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Shi'a Pundit

Devoted to the viewpoint of Islam of Muhammad SAW and Amir ul-Mumineen, Ali ibn Abi Talib SA, in the Shi'a Fatimi Ismaili Dawoodi Bohra tradition.

January 23, 2003

relative numbers: an illusion of double standards.

Another polemical meme about Islam that I want to address is the idea that there are more Fundamentalist muslims (of both Types A and B) than there are Christians. The most egregious purveyor of this meme is Daniel Pipes, whose "estimates" (ie, inventions) claim there are 100 million Muslims who are in complete agreement with Al Qa'edas world view and half a billion all together who are at least sympathetic. Anyone want to hazard a guess at how many muslims Pipes would have had to poll for these numbers to be statistically significant within two standard deviations? Others have done a better job of illustrating Pipes' dishonesty than I have - my main point is that these flights of hyperbole dominate any attempt to have a rational discussion.

This may poison my image as a moderate, but I label Palestinian terrorists (whose actions I have explicitly condemned!) as a different category - they are not Fundamentalists at all since their primary motivation is NOT religious, it is political.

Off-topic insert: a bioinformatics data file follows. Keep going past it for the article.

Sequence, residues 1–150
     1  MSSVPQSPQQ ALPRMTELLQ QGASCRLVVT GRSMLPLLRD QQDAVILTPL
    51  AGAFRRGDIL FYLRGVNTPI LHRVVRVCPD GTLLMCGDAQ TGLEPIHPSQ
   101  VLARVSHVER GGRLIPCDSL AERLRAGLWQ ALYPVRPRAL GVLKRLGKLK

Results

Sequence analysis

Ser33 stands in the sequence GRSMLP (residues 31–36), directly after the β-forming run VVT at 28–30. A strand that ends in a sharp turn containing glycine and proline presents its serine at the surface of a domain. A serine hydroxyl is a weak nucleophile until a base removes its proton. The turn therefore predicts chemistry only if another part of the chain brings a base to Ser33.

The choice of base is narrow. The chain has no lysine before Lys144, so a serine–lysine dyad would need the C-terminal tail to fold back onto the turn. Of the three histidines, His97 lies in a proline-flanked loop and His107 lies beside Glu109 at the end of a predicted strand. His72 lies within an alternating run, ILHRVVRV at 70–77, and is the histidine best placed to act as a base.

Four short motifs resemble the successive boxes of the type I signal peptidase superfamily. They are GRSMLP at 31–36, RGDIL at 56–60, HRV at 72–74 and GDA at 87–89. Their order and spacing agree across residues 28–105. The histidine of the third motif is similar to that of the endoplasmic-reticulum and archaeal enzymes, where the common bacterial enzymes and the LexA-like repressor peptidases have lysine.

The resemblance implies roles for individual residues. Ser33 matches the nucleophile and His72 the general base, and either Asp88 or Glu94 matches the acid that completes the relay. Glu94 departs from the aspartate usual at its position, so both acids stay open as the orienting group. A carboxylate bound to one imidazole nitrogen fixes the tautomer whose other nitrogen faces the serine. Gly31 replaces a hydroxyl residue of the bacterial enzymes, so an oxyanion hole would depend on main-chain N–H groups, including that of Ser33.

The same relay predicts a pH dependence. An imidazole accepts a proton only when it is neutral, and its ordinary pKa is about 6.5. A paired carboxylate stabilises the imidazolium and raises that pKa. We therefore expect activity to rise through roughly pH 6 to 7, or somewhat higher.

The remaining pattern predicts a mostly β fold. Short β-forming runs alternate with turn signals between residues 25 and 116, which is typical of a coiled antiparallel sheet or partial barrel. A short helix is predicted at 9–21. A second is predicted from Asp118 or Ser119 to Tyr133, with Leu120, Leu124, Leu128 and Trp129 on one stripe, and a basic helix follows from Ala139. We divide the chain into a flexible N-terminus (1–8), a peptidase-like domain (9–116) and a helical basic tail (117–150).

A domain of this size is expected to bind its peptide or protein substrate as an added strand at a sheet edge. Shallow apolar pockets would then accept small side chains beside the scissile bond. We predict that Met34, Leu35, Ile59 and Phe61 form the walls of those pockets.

As for FB(C)s, I don't buy into the weak defense that KKK, militia, hate groups, etc are atheist/masonic or "nominally" Christian, since no such benefit of the doubt is extended to me and my faith. This is as disingenious as it would be if I claimed that Al Qaeda is socialist, that the Taliban were Keynisian supply siders, etc. Put another way, was not a single KKK member who ever lit a Negro church on fire or threaded a noose, a Christian? The bottom line is another double standard. Antimuslim critics are well-prepared to ascribe deep flaws in Islam by extrapolating from the violent actions of it's Type B adherents. The same behavior by Type B's who (even if nominally) adhere to Christianity, is excused and ascribed to political and cultural forces.

One of my best commentators, Deoxy, took issue with me on this point in the lengthy comment thread attached to the fundamentalism post:

Christian vs. Muslim: If the KKK gets counted as Christian (despite overwhelming Christian disapproval), then so do the Palistinians. I would say that the KKK in particular are MUCH more political than religious, more so than the Palestinians, easily. And few Muslims say that the Palestinian Type Bs aren't really Muslims (you seem to be a wonderful exception - thank you).

Suffice it to say that there are groups that say they are Christian or Muslim which really don't seem to be. The issue, I think, is that most of these groups on the Christian side are widely, publicly denounced as not Christian (so much so for the KKK, in fact, that most people I've ever had any discussion about it with seem to attribute the "christian" elements in the KKK to general culture, merely incidental and not inherently part of the KKK at all, or that their beliefes are absolutely wacked out and bizarre), while muslim groups like that (the Palestinian Type B groups, Osama bin Laden, etc) are denounced rarely and supported loudly and in significant numbers.